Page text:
The truth of the matter is, one solution doesn't always fit all. It's why many transgender individuals tend to be comfortable at different points in the transition and may be happy without any physical changes while some may need to go all the way.

    I think it's important to ask yourself, why did you change your mind and does the reason come from you or does it come from somewhere else. It's important to differentiate the reason. If the reason has anything to do with others or outside influences, then it might not be what is best for you. Very often than not, sometimes are decisions we make are based on outside factors, where if those factors did not exist we would have made an entirely different choice for ourselves. Sorry, if I am not explaining myself well, but let me see if I can give an example.

    Let's say I decide not to transition and the reason is because I think it would be easier to deal with socializng and would cause less confrontation. This is a decision that would be based on outside factors. It might not be the best decisions because it may not actually be what you want. A good decision comes from you, for example, I decide not to transition because I like the way I am now and am happy. It's not based on others, it's only based on yourself.

    That isn't to say outside factors can not be considered, but it's important you do what is best for yourself, first and foremost.

    Besides that, I think it would be nice to have the long explanation because it's really difficult to offer any more advice that this. I think the only piece of other advice I can give is to make sure you are not going through this alone. Make sure you are speaking to a professional on the matter. A therapist who deals in transgender issues very often. They can probably help you much better than anyone here, as each persons transition is specific to them and again, what works for one ... might not for another. I wish you luck and success though in what you are looking to achieve. =^.^=

  8. #8

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    I so much agree with the advice to seek a professional. I meant to include that in my own post; sorry I did not.

    I would like to mention that my post took yours at face value: my assumption was that, after serious consideration, you have come to a real understanding of your true nature. If, however, you are still at all unsure, there are many alternatives. I know lots of genderqueer people; my FtM son was married to one (who sadly died a few years ago); many of my former students identify that way. Nonbinary is a completely legitimate option. Don't feel that you are stuck in a "one way or the other" world...

  9. #9

    Default 'To be or, not to be'... isn't the entire question...



    Quote Originally Posted by Ipdmyself View Post
    Long story short; i don't see a need to alter my body because of a mental state and should just find outlets, how do I desocial transition? My parnts JUST started calling my old preferred name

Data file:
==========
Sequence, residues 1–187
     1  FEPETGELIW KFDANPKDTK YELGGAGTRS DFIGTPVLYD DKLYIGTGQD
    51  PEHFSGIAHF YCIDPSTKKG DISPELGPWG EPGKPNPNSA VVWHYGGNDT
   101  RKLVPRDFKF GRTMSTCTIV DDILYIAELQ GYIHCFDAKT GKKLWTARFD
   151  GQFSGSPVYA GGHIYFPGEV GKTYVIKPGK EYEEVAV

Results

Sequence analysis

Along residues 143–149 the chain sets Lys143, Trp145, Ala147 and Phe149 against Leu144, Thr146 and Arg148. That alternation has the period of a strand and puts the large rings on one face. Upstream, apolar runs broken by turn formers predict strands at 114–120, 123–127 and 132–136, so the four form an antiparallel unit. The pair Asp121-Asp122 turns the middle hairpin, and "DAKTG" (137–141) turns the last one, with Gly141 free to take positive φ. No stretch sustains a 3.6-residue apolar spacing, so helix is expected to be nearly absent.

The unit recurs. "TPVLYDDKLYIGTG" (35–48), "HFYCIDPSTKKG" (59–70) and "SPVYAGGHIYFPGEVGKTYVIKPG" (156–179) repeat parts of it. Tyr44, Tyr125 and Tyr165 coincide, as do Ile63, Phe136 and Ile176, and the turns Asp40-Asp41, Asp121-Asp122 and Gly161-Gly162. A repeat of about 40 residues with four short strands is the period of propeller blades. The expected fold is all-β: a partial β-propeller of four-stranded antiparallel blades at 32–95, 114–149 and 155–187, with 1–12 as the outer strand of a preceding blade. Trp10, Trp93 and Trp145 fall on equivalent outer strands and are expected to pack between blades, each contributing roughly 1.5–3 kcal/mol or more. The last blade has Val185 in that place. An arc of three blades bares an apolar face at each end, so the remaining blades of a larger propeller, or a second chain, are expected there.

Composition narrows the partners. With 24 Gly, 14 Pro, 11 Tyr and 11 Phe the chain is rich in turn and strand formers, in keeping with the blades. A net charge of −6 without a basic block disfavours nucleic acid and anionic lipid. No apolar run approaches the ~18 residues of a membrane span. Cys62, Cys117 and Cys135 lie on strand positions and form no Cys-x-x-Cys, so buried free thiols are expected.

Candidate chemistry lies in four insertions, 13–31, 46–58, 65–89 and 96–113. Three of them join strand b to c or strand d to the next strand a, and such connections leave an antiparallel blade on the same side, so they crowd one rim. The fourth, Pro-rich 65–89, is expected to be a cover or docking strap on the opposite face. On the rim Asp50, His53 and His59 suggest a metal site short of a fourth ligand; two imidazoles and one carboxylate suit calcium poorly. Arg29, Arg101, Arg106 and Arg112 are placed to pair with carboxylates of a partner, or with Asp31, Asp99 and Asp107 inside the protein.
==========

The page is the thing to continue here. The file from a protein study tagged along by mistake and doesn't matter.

I can't see how I might improve on pretty much any of these comments thus far... My rather succinct reply is... male or female or, any variation thereof; be who you are...

    You might feel that you've 'jumped the gun' on this social-transition yet, I can't see that you'd probably do any better to roll-back to 'point-A' (as though nothing ever happened) at this time either...

    Finding that middle ground and, getting acceptance for that - may be more difficult in some ways yet, I think that it better accommodates your entire person better too...

    It is, your life that you're living... it is your onus, to be who and what you genuinely are - at any given point...

    We have personal anecdotal and experiential ideas and expressions yet, those are what we've individually come to terms with... Many of 'us', are a work-in-progress. Perhaps, it is most likely, that if any of us are doing it right; we are always and, all of us, a work-in-progress... subject to change as we see fit without, permission or apology... *consideration of others to our various transitions, is always good yet, not always required*

    Ultimately (IMMHO) you must find your own way in this... there are no 'set' rules... you are on your own yet, certainly not alone!

    A 48-year old, non-HRT, non-Op, quasi MtF TG...

    My best regards to you all,
    -Marka

  10. #10

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    Quote Originally Posted by Marka View Post
    I can't see how I might improve on pretty much any of these comments thus far... My rather succinct reply is... male or female or, any variation thereof; be who you are...

    You might feel that you've 'jumped the gun' on this social-transition yet, I can't see that you'd probably do any better to roll-back to 'point-A' (as though nothing ever happened) at this time either...

    Finding that middle ground and, getting acceptance for that - may be more difficult in some ways yet, I think that it better accommodates your entire person better too...

    It is, your life that you're living... it is your onus, to be who and what you genuinely are - at any given point...

    We have personal anecdotal and experiential ideas and expressions yet, those are what we've individually come to terms with... Many of 'us', are a work-in-progress. Perhaps, it is most likely, that if any of us are doing it right; we are always and, all of us, a work-in-progress... subject to change as we see fit without, permission or apology... *consideration of others to our various transitions, is always good yet, not always required*

    Ultimately (IMMHO) you must find your own way in this... there are no 'set' rules... you are on your own yet, certainly not alone!

    A 48-year old, non-HRT, non-Op, quasi MtF TG...

    My best regards to you all,
    -Marka
    Marka:

    As always, you rock. :-)